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Culture

Cheongsong’s ancient pleasures make ethereal magic on rainy days

The waters of Jusanji turn trees into monsters and monks into movie stars
Dec 14,2006
CHEONGSONG ― There’s a certain pleasure to traveling without purpose. Or at least that’s an option to keep in mind when planning a trip to Mount Juwangsan, the jewel of North Gyeongsang Province. Especially at this time of year, when frequent rain discourages hikers.
Cheongsong County, a small farming town known for its rocky mountains and fresh apples, is an ideal place for travelers with humble ambitions. After all, if there is rain one can spend all day lying on a hot ondol floor in a hanok guesthouse that was once the home of a local clan in Deokcheon-ri, munching on baked yams out of the furnace.
But that’s a diversion one should not settle on too quickly. The county, which has a population of just over 30,000, has other treasures that are too precious to miss.
Aside from its grand mountains, which are part of one of Korea’s three granite mountain chains, the county has earned the heart of visitors with more modest attractions, such as small waterfalls and streams.
The first place to visit in Cheongsong is Jusanji, a pristine reservoir surrounded by a stretch of pine forest. The place, which is part of Mount Juwangsan National Park, attracts a flock of amateur photographers every summer. That’s when the willow trees growing just above the lip of the reservoir seem to merge with their shadows, making it hard to decide which are real and which are reflections on the water.
Jusanji in winter can still create a hypnotic illusion. With an early mist it’s almost chilling to look at: The giant trees, with their grotesque dried branches stretching out of the reservoir, conjure up an image of a sea monster reaching out for its prey. The color of the water, a pale green, seems spectral in the dawn light.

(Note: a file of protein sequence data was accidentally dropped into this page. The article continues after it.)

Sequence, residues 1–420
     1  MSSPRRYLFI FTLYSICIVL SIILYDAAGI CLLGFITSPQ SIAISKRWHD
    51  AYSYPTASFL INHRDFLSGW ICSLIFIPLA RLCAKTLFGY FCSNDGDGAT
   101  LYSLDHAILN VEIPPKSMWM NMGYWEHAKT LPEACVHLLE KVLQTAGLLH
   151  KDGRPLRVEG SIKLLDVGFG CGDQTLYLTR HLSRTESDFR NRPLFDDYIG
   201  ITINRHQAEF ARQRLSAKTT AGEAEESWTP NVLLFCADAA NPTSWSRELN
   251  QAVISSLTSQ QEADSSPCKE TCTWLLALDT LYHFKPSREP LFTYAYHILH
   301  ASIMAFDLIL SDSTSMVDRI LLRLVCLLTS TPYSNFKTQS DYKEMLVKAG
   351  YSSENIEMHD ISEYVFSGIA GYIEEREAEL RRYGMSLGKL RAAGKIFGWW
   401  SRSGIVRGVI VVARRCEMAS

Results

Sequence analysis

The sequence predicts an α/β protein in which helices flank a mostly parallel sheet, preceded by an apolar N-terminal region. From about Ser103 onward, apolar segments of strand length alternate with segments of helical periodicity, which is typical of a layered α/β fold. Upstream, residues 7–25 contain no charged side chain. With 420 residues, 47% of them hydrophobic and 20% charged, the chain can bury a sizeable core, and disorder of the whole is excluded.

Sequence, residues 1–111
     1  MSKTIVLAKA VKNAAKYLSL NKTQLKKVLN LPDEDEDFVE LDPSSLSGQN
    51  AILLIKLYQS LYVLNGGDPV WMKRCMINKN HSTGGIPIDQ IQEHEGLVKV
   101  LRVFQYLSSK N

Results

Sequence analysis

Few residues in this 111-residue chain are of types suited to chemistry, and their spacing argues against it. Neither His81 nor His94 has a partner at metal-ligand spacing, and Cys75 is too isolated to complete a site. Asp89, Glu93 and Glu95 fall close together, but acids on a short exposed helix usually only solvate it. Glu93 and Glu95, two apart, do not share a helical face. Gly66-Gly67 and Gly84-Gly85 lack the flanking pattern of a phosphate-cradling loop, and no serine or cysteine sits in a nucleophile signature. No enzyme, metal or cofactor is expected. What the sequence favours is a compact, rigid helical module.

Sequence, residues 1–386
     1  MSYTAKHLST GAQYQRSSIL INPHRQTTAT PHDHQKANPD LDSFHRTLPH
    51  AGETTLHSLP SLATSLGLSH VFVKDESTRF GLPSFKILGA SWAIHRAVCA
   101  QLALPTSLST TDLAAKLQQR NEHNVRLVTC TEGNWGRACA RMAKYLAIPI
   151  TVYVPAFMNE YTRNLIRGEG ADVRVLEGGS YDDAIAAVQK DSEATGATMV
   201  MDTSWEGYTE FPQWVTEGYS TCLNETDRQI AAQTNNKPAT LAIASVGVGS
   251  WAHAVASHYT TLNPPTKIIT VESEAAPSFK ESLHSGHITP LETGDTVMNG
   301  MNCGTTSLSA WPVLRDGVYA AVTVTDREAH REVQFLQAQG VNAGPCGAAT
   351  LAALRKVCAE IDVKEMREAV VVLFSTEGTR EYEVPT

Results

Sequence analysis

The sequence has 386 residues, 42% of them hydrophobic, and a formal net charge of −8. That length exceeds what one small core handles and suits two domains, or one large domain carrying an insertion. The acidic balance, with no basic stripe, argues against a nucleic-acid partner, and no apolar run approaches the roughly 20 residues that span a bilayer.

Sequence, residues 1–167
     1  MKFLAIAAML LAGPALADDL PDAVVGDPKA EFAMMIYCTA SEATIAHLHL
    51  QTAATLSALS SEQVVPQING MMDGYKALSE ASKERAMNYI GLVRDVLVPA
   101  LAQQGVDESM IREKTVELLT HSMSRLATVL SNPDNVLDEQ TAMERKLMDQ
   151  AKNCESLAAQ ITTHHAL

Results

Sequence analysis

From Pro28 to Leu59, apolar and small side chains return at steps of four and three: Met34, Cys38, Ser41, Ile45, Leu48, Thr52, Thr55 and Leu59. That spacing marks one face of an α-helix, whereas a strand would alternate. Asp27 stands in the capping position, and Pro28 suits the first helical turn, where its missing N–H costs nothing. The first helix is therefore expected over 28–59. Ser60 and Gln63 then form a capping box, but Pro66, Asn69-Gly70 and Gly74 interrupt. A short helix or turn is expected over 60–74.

It’s almost as if the haunting sound of streams and the magical views of the mountains on the walk to Jusanji from its parking lot, which is about 550 meters away, exist to prepare the mind for a supernatural experience.
According to Yun Jin-cheol, a taxi driver and a tour guide of the county, the reservoir was almost unknown to outsiders until a few years ago.
Perhaps the turning point was Kim Ki-duk’s film “Spring, Summer, Fall, Winter and Spring,” the story of an orphaned Buddhist monk. It included the stark image of a temple set in the middle of the reservoir. (Unfortunately the temple was only a set and was removed shortly after the film wrapped. The film with its alluring images of two monks rowing around the temple, won Kim many awards.)
The history of the place, though, isn’t so dramatic. Jusanji is a farming reservoir constructed during the reign of King Sukjong (1720) to provide water for the county’s residents. Despite droughts, it has never dried up.
Ever since Kim’s film the reservoir’s fame has spread and its striking imagery has attracted many television producers. One example is the TV drama series “Hwangjini,” an epic about a Korean female poet who was also a famous gisaeng. After losing her first love the heroine gets drunk and walks into the reservoir to kill herself, only to be saved by another man, as if to prove that Jusanji is capable of magic.
Then, of course, there are the apples and the mountains, of which the locals are especially proud. Local farmers maintain that apples grown in the region are sweet and crunchy and free of pollution; they also insist that local apples, which they dub “honey apples,” prevent tooth decay ― don’t ask how, the reasons behind the theory are as mysterious as Jusanji at sunset and the farmers only made me more confused when they tried to explain. Visitors can always test this theory for themselves. On major highways in the region there are local farmers selling boxes of apples for close to nothing. A large bucket of apples costs around 10,000 won.